Cardinal Wuerl’s pastoral plan on Amoris Laetitia points the way forward


Last weekend, Washington’s Cardinal Donald Wuerl issued a pastoral plan on the implementation of Amoris Laetitia.

This text makes an important step towards moving the church beyond the controversies generated by the document, controversies largely confined to the pages of the Catholic press, and focuses on what Amoris Laetitia is really about, revitalizing the church’s ministry to families, married couples, those preparing for marriage, and those whose marital situation has led them to feel like they no longer belong within the fold.

Recently, there has been a great deal of debate about whether or not Amoris Laetitia constitutes a paradigm shift, and whether such a shift is even possible for a church that believes its doctrines are revealed by God.

I wrote about that controversy here, and my colleague at The Tablet, editor Brendan Walsh, addressed the issue in this interview with Cardinal Blase Cupich, which includes a video of the cardinal’s lecture at the Von Hügel Institute on this subject.

I would submit that Cardinal Wuerl’s pastoral plan essentially puts that debate to rest: On virtually every page of the plan, we see that the shift is not in what the church teaches about marriage and family life.

The shift is in how the church ministers to the people of God.

The word that dominates this pastoral plan is accompaniment. In different sections, we read:

In Amoris Laetitia, the Holy Father gives priority to the practice of pastoral accompaniment, which in its most fundamental aspect involves leading others closer to God.

We begin each encounter mindful of everyone’s innate human dignity.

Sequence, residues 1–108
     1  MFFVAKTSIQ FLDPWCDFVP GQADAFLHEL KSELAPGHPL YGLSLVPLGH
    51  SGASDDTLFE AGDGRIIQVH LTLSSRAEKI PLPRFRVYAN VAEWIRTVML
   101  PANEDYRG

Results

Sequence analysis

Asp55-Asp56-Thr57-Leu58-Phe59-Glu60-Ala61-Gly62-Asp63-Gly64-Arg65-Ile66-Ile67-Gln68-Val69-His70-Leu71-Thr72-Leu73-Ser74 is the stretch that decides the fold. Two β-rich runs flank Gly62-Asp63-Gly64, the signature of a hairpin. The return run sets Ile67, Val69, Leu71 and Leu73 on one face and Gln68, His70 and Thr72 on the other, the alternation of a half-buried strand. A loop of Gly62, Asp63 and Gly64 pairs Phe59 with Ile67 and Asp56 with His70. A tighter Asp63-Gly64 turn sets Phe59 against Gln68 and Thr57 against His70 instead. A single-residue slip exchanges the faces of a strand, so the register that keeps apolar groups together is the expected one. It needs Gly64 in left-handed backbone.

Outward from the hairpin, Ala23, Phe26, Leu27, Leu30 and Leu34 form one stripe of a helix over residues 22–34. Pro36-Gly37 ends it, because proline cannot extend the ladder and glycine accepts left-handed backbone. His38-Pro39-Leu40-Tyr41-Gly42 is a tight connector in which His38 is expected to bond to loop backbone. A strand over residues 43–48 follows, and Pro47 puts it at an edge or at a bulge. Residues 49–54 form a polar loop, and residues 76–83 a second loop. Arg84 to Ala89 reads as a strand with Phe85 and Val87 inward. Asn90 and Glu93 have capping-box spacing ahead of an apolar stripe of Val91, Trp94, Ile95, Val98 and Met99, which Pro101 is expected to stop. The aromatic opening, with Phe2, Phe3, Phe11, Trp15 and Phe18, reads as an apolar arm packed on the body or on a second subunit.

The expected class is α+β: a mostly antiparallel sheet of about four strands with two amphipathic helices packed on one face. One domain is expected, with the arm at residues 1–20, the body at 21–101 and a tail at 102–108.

Pope Francis writes: “The Church will have to initiate everyone — priests, religious and laity — into this ‘art of accompaniment’ which teaches us to remove our sandals before the sacred ground of the other (cf. Exodus 3:5).”


Early in his pontificate, Pope Francis shared a helpful image of a pastor who accompanies. To a group of priests gathered in Assisi, Pope Francis asked, “What could be more beautiful for us than walking with our people?… sometimes in front, sometimes behind and sometimes in the middle.” He further explains, “in front in order to guide the community, in the middle in order to encourage and support; and at the back in order to keep it united and so that no one lags too, too far behind, to keep them united” (Address, October 4, 2013).


If there is a breakdown that leads to separation or even divorce, that loving accompaniment by the Church needs to continue, said the Holy Father. “It is important that the divorced who have entered a new union should be made to feel part of the Church,” he added, and pastoral care to their children needs to be “the primary concern” (AL, 243-45).


The ministry of accompaniment is a collaborative effort of priests and laity who understand themselves to be missionary disciples, who experience the love of the Lord in their encounter with him and who seek to share it with others.

The cardinal has sections on “accompanying the hurting,” “accompanying the anonymous” and an especially interesting section on “accompanying the distracted.”

All three, but especially this last, reveal a frank but not fretful assessment of the challenges modern families face, a sense of realism about what is possible, especially at first, but also a great confidence in the fact that God’s grace is already active in the lives of people and, to repeat a theme of Amoris Laetitia, that God’s revelation continues especially in family life.

It is, as it is in the Scriptures, a privileged place for God’s self-revelation.

This is the paradigm shift.

It is not enough for a minister of the Gospel to repeat what the Church teaches and hope that is enough to make marriages more solid, still less bring comfort to the divorced and remarried. Continue reading

  • Michael Sean Winters is a Visiting Fellow at Catholic University’s Institute for Policy Research and Catholic Studies.
  • Image: Real Clear Religion
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